There is therefore no reason for any further hearing on the probable cause issue. There is also no reason that the commission should not proceed directly to deciding the probable cause issue. Had the ALJ not erred by dismissing the complaint on grounds of lack of jurisdiction, he would have proceeded to and decided the issue of whether there was probable cause to believe that the Respondent had discriminated against the Complainant as alleged, and on petition for review the commission would have had the authority to take up and decide that issue. Because the matter is now before the commission on a petition for review, with a complete record, the commission concludes that the appropriate course is for it to directly review and decide the question of whether, on the record made at the hearing before ALJ Olstad, there is probable cause to believe that the discharge of Complainant was an act of unlawful retaliation, as alleged in the complaint.
Based on its review of the record, the commission is satisfied that the evidence meets the threshold for establishing probable cause. There is no dispute that the Complainant did speak to Crawford on a number of occasions, complaining of sexual harassment by Miller. There is no dispute that the Complainant was discharged in the course of a heated meeting between the Complainant and Crawford on August 4, 1997, in which (according to the Complainant) the subject was the Complainant's objections to continued sexual harassment by Miller. It is not disputed by Crawford that he became angry during this meeting and that he used profanity, something which was asserted by Complainant.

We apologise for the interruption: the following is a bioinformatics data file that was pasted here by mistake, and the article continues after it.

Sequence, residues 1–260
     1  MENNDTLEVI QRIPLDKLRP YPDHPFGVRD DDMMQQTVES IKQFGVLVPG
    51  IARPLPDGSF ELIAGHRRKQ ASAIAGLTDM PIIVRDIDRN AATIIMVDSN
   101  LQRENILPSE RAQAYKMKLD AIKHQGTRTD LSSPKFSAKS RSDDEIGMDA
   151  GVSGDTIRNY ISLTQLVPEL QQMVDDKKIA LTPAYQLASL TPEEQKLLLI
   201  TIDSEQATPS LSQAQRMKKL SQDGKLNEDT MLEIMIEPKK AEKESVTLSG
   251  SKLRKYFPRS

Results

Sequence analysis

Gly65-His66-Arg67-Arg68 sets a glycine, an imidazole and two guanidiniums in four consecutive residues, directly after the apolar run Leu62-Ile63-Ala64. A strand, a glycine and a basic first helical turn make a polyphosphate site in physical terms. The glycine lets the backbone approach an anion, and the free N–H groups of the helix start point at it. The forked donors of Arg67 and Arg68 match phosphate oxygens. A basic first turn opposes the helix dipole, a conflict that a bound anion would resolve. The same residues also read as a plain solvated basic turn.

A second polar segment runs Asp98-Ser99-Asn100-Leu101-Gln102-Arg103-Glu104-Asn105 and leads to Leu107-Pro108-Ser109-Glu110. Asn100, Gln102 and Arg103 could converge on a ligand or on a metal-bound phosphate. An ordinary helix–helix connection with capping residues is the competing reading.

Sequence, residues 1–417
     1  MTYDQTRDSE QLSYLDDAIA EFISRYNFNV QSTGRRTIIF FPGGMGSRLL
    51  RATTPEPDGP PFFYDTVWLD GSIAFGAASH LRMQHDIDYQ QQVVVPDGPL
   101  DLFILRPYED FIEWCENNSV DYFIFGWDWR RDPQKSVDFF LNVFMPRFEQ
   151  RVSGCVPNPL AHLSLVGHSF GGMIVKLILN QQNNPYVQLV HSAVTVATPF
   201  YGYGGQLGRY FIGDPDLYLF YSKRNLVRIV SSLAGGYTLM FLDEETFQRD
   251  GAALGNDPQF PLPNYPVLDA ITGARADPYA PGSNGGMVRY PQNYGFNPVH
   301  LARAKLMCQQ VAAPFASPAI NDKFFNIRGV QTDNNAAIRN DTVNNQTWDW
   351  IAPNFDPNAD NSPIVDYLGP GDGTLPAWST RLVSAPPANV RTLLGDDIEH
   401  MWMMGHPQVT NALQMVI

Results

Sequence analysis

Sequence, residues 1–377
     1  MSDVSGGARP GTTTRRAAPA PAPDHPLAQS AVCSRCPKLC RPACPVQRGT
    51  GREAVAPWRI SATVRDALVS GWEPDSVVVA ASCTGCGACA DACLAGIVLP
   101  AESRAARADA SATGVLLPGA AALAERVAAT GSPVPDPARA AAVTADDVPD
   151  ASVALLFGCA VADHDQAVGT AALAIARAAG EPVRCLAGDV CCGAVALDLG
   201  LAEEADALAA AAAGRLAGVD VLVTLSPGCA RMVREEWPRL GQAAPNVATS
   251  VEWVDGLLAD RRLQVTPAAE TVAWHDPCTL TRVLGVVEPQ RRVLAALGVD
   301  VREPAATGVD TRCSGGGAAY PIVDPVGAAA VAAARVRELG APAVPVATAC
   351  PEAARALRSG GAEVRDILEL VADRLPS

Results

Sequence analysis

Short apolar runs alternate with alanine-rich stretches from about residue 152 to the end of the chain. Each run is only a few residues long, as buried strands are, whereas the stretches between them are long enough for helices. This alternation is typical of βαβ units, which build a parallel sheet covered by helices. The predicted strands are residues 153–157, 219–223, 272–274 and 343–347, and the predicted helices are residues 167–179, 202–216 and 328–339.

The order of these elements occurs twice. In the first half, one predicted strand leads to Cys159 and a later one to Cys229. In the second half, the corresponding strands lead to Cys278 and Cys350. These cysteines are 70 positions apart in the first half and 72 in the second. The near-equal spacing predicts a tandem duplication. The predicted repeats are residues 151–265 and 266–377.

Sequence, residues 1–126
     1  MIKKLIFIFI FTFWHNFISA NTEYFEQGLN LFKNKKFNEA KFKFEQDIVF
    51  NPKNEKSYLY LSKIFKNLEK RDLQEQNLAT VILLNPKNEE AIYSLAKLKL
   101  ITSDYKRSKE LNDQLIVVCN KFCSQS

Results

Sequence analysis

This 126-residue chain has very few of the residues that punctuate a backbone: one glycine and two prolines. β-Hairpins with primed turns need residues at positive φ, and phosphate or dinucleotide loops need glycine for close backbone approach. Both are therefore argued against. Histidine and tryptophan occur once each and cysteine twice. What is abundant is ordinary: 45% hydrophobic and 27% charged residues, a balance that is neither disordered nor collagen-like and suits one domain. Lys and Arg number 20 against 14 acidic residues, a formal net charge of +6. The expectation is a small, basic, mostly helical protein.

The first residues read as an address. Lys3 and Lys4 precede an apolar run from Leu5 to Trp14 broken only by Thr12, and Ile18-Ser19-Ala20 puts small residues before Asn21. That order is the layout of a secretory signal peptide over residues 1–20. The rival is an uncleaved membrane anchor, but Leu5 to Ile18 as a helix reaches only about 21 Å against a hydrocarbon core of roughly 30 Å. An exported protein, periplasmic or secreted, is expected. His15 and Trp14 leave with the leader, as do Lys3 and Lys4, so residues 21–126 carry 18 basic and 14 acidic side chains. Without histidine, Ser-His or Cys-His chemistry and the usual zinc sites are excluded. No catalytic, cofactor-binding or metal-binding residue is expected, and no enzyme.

Based on the evidence presented at the hearing before him, ALJ Olstad found that the Complainant had been raising objections to sexual harassment by a co-worker for some time but that RGIS had taken no real action to deal with the situation; he also found that in the meeting in which she was terminated, the Complainant had complained about sexual harassment to Crawford who told her that he did not believe her and that she was terminated. The commission believes that these findings are supported by the record, and that they convincingly support the inference, that Crawford fired the Complainant in retaliation for her complaints about sexual harassment.